(1) a prima facie showing of infringement,quoting UMG Recording, Inc. v. Doe, Case No. 08-193 (N.D. Cal. Sept. 3, 2008). Malibu met that standard here and received permission to serve the subpoena to the ISP.
(2) there is no other way to identify the Doe Defendant, and
(3) there is a risk an ISP will destroy its logs prior to the [Rule 26(f) conference].
John Doe anonymously filed a motion to quash the subpoena, arguing that: (1) the ISP can't identify the actual infringer, it can only identify whomever pays for the IP address; (2) such techniques by plaintiffs like Malibu are "Bad Investigation Techniques;" and (3) identifying the information allows "Plaintiff to Pursue Abusive Litigation."
The problem with these arguments was they did not deal with the means for quashing a subpoena spelled out in Rule 45, which requires a Court to quash a subpoena when the subpoena: (1) does not allow reasonable time to comply; (2) violates certain geographic restrictions; (3) requires disclosure of protected information; or (4) subjects the recipient to undue burden. The Court is also permitted (but not required) to quash a subpoena: (1) to protect a person from disclosing a trade secret or other confidential information; or (2) to protect from the disclosure of an expert's opinion.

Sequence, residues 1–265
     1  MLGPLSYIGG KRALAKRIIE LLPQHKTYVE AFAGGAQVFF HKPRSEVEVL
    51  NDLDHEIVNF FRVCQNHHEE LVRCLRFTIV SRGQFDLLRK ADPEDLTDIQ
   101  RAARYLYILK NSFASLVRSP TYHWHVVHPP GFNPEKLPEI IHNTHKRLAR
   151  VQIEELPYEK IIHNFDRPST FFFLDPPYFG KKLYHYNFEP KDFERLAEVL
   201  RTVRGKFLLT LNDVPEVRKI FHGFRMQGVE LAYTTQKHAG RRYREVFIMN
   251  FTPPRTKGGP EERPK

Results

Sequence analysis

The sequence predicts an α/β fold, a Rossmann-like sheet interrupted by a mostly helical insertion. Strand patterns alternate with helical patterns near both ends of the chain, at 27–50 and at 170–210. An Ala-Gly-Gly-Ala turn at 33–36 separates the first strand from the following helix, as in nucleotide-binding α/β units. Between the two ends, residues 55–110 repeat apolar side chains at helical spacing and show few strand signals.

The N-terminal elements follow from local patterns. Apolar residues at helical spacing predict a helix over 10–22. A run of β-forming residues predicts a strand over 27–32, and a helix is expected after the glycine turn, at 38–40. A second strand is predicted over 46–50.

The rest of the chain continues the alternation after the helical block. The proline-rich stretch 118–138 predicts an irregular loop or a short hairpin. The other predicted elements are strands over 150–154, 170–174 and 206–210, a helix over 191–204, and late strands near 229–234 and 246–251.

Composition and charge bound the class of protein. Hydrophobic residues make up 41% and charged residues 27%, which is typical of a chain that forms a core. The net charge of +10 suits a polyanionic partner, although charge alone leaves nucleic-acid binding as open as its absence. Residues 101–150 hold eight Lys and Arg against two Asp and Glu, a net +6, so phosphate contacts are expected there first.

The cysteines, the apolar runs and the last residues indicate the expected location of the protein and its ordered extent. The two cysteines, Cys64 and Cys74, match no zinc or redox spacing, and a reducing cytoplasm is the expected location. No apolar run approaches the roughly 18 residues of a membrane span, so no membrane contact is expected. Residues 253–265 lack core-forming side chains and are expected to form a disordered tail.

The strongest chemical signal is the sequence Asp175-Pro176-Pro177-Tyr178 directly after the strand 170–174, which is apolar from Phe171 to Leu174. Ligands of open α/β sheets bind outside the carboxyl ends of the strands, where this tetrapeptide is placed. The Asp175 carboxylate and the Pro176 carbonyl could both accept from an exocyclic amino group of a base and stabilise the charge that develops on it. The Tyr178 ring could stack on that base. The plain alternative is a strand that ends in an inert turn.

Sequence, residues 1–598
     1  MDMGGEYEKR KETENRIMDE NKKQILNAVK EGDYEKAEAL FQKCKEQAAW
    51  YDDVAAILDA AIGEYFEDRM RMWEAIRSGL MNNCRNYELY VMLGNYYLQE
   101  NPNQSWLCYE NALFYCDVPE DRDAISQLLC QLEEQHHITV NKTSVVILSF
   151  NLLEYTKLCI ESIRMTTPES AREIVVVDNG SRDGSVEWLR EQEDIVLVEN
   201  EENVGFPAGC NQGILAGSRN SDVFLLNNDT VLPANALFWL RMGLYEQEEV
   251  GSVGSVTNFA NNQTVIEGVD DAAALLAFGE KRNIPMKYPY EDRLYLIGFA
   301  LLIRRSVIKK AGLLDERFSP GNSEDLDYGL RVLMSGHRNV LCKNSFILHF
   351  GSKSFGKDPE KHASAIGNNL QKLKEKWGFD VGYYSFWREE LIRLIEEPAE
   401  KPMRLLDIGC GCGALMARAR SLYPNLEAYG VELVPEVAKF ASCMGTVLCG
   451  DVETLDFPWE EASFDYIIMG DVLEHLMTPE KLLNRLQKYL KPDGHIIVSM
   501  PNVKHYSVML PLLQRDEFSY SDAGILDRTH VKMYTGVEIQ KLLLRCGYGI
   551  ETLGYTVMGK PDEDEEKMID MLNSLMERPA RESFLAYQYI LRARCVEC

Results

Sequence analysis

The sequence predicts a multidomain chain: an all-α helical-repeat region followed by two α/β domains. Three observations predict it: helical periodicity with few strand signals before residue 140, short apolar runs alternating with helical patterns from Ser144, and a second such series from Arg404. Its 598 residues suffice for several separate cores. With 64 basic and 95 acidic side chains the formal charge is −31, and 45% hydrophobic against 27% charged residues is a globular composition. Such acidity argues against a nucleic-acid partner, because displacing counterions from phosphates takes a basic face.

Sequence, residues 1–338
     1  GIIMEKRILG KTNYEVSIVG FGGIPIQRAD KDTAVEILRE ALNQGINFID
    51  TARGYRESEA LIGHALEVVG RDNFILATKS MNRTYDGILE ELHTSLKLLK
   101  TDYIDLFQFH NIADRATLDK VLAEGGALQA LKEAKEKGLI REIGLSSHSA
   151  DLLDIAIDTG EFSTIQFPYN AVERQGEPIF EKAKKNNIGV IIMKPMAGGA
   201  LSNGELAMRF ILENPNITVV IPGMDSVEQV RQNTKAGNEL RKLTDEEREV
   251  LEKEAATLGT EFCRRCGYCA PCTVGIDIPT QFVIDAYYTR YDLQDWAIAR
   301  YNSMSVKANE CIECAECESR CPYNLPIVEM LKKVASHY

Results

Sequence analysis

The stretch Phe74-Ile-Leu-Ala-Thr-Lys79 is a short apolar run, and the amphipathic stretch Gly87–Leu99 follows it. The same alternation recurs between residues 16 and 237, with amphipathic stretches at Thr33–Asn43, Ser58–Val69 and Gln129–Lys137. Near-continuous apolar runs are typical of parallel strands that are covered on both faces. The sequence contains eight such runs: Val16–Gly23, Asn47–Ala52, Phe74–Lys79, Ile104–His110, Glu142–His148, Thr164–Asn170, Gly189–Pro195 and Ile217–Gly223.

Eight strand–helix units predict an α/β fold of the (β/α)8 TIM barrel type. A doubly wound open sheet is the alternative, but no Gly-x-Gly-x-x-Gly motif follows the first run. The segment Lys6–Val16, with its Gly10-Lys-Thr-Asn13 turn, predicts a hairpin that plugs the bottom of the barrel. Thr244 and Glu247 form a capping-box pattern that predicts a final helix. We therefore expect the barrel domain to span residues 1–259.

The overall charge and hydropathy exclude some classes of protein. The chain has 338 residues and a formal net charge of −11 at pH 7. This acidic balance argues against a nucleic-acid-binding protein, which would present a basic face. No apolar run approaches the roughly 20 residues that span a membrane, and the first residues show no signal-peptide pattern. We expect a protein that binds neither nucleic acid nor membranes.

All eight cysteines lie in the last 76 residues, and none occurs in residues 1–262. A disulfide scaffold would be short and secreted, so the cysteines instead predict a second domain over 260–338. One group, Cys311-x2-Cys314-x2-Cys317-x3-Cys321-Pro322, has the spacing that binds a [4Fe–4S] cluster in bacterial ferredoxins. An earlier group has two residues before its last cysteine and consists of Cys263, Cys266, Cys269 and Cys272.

Here, John Doe's argument didn't fall into these exceptions so the Court could not (and did not) quash the subpoena.
Motion to quash subpoena, denied.
Malibu Media, LLC v. Doe, Case No. 2:14-CV-154 (M.D. Fla. June 24, 2014) (Mag. Mirando)